The clips, dating back to 1963, were found on an archived, 16 mm reel, according to a press release from the American Forces Network Broadcast Center in California.
In the 1960s, the press announcement noted, AFRTS received film reels from production studios for airing to service members around the world. After the programming was aired, the reels usually were returned to the studios or destroyed. This reel was an exception.
“Someone had the brains or historical foresight to save this reel,” Pedro Loureiro, Defense Imagery Management Operations Center archivist, is quoted in the press release.
When the tapes were returned to the studio, they were often reused, Loureiro noted. Follow-on episodes were then recorded over previous programming without regard for archiving.
“Everything from the 1960s is considered lost,” Jeff Sotzing, Carson’s nephew, told the broadcast center reporter. “That’s what they did with everybody’s show.” Sotzing is CEO of the Carson Entertainment Group, owners of the Carson archive.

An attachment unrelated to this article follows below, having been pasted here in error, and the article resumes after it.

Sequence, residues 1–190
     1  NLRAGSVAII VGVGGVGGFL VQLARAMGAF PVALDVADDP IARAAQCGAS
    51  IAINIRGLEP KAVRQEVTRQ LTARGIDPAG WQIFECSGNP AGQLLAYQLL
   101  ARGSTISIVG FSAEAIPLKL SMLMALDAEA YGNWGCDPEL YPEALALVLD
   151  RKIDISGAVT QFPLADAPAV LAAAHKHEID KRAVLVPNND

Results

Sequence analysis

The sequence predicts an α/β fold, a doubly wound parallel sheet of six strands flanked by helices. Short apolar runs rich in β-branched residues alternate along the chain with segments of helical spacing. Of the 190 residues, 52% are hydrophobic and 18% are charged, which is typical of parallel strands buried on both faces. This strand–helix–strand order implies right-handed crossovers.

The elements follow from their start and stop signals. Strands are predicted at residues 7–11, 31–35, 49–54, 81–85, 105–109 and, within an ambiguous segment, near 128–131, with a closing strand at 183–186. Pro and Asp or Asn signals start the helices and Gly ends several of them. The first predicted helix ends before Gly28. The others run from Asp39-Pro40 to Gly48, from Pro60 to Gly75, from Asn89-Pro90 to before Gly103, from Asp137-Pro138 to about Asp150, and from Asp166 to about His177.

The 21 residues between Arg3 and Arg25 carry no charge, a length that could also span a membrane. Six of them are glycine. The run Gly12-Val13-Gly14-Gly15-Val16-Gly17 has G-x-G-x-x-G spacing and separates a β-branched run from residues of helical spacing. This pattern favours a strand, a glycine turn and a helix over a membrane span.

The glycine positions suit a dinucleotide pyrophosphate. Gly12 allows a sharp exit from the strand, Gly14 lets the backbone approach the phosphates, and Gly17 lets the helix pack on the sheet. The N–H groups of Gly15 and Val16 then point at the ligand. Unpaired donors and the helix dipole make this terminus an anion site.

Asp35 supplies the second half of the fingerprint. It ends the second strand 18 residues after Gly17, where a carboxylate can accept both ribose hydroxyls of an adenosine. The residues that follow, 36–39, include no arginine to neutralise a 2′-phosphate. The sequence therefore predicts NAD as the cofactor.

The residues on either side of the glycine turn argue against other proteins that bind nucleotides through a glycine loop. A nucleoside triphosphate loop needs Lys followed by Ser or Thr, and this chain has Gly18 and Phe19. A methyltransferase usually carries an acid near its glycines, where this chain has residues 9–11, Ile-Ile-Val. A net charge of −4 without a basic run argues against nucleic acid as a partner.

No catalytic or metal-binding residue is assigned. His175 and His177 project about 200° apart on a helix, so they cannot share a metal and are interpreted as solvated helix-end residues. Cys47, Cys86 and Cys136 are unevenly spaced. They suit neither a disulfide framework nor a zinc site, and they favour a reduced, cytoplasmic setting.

Sotzing said he was looking forward to adding the clips to the collection since almost everything from 1962 to 1973 is lost.
Mary Carnes, a retired program support manager at the broadcast center, discovered the reel as she was sorting through old boxes neglected for years.
“As soon as I saw it, I knew it was a gem,” Carnes said. “Giving it back to the family and the Carson archives will be like a birthday or Christmas for them.”
Sotzing said Carson would frequently make an on-air appeal to retrieve lost episodes.
“He would be thrilled to get this,” he added. “A lot of young people don’t know who Johnny Carson was. This helps show that.”
According to the press statement, the footage will be digitally transcribed and made available for users of the Carson Entertainment Group’s searchable online archives. The actual reel will be stored at a former salt mine in Hutchinson, Kan., where the Carson archives and many other Hollywood film collections are kept.